Texas State Employees Union garner support for university staff pay raise


Alex Luevano

Organizers ask citizens to sign a petition about a 10k paise ray for Texas State employees on West Mall on Jan. 26, 2023.

Ireland Blouin, Senior News Reporter

Members of the Texas State Employees Union took to campus last week to get signatures from university staffers to gather public support for a pay raise bill. The petition calls upon President Jay Hartzell and the UT System Board of Regents to publicly support House Bill 202, which includes a $10,000 pay raise for all state employees, including university workers. If passed, the bill will also increase pay for student staffers and part-time workers at any Texas university. 

HB 202 was authored by State Rep. John Bucy with the help of TSEU to be considered for the current legislative session at the Capitol. The last statewide pay raise that included university employees was 20 years ago. TSEU said the purchasing power of university employees has dropped by over 30% since then. 

“In 2003, there was a bill that passed, SB 1652, that actually left university workers out of the pay raise that state employees got,” said Missy Bolbecker, an organizing coordinator for TSEU. “If universities had a merit pay system, they could request to get the money in a lump sum, and then universities could dole it out however they wanted as merit pay instead of giving an across-the-board pay raise for every campus worker.” 

According to Bolbecker, this bill is the closest university workers have been to getting an across-the-board pay raise within the last two decades.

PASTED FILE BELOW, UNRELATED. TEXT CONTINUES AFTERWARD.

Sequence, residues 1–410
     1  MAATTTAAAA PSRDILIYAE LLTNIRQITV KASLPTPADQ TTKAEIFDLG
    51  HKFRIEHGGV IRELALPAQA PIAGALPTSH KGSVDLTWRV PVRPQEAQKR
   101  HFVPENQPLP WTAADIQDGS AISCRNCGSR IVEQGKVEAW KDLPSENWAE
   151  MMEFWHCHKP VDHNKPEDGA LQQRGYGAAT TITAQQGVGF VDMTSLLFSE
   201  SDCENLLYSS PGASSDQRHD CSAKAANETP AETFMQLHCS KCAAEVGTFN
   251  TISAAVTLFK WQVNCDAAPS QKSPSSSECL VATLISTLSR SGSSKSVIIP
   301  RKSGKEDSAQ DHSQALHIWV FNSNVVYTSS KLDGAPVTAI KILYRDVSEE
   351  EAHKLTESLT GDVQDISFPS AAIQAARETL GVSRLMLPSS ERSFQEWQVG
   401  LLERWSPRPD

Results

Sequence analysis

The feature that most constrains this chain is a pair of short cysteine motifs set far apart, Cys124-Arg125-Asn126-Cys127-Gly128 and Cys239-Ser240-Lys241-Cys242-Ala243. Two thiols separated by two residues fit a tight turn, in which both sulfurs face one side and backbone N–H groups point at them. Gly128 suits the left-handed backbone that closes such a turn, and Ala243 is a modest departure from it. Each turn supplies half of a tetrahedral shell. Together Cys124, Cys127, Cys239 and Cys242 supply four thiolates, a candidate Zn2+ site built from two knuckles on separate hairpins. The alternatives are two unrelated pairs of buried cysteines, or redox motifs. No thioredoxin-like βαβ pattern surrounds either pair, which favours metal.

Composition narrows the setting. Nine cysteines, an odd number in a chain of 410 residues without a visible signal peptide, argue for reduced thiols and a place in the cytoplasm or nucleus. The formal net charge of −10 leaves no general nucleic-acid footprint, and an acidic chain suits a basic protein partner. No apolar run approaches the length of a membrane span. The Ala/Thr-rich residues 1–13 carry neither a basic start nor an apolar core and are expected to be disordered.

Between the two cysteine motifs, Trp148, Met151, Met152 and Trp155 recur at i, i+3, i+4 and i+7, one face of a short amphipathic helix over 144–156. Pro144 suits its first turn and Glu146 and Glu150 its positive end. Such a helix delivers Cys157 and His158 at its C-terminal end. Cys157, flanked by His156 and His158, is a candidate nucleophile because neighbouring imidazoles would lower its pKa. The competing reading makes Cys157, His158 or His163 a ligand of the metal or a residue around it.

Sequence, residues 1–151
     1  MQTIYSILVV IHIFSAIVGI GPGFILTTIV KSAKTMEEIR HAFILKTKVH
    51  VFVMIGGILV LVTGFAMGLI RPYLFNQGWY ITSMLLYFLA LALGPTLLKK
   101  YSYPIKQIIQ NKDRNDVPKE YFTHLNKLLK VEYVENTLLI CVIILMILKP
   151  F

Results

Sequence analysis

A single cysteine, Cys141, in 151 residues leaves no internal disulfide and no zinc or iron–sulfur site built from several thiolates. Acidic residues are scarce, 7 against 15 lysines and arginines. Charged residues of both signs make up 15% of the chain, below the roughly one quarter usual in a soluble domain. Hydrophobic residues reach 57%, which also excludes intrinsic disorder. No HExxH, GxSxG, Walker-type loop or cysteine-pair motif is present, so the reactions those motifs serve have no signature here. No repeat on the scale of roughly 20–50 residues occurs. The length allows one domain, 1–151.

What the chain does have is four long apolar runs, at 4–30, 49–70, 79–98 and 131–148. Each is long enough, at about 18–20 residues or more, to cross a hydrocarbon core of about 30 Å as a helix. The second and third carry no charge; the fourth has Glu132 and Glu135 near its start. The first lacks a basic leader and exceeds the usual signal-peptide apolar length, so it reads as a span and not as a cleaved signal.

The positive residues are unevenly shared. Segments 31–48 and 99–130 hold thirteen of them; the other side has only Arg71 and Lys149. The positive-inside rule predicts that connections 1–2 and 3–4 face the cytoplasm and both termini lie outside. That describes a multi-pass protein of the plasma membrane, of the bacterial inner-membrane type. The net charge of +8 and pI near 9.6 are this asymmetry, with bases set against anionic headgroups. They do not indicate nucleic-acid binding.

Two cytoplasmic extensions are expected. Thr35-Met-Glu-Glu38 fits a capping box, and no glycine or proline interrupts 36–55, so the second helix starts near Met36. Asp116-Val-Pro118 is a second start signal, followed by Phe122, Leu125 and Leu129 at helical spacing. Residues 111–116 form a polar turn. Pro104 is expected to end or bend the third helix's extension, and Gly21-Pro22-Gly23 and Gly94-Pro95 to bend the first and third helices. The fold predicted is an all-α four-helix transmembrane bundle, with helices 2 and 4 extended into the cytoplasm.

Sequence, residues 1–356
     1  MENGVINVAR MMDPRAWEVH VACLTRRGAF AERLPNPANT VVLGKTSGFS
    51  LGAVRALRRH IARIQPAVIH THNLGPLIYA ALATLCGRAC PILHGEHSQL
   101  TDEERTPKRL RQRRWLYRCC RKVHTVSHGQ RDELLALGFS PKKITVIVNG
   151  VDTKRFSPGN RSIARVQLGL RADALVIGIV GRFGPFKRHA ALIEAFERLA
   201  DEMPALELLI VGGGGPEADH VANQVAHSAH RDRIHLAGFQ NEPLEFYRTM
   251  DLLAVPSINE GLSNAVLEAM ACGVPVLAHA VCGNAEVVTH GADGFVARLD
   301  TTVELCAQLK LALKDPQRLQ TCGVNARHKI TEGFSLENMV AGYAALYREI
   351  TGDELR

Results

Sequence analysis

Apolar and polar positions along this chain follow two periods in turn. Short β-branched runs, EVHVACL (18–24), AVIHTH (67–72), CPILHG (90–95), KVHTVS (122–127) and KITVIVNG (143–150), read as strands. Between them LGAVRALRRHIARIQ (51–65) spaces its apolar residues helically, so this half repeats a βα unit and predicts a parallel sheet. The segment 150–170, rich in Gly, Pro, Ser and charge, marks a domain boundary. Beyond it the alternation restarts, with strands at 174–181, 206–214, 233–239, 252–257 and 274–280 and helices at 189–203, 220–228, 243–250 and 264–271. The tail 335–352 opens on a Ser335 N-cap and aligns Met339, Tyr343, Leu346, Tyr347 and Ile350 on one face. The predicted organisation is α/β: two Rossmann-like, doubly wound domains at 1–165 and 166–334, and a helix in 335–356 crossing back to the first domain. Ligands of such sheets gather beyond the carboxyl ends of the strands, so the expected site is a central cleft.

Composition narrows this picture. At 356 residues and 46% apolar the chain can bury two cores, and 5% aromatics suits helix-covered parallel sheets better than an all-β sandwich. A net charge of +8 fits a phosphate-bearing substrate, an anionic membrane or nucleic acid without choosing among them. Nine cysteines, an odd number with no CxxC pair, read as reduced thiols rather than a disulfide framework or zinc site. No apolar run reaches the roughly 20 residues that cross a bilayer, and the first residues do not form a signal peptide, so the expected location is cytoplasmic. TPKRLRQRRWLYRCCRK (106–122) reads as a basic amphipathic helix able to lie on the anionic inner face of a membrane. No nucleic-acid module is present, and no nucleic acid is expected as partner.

Along with collecting signatures for the petition, TSEU volunteers used their time on campus to spread the word about their initiatives. The TSEU provides staffers and thousands of employees across Texas who have joined with an opportunity to fight collectively, said Anne Lewis, radio-television-film professor and member of the TSEU executive board.

“Unions (are) absolutely essential to make sure that workers are represented all across the state, in the legislature and just in general,” said J.P. Mensching, a software engineer senior and TSEU member. “I think this is a really important opportunity for us to take direct action to help workers across the state.”

Although there have been gradual pay raises for certain university workers recently, workers are struggling to make ends meet, Lewis said.

“People are falling behind, people are getting stressed out, we’re losing institutional knowledge (and) we’re losing workers,” Lewis said. “You talk to any (of) the people in landscaping or in libraries and you’re going to find worker after worker that is saying, ‘I just can’t make it here. I’m living in a basement apartment somewhere. I’m going to have to move to Pflugerville for a job there.’” 

Not only is there a problem with employees having to leave the University for better pay, but it is also causing strain on University workers who stay and have to pick up the slack, Lewis said.

“Remaining workers are having to do much more than they should be doing,” Lewis said. “So it’s a very difficult situation for workers at the University right now. … (TSEU) is something that really gives people hope.”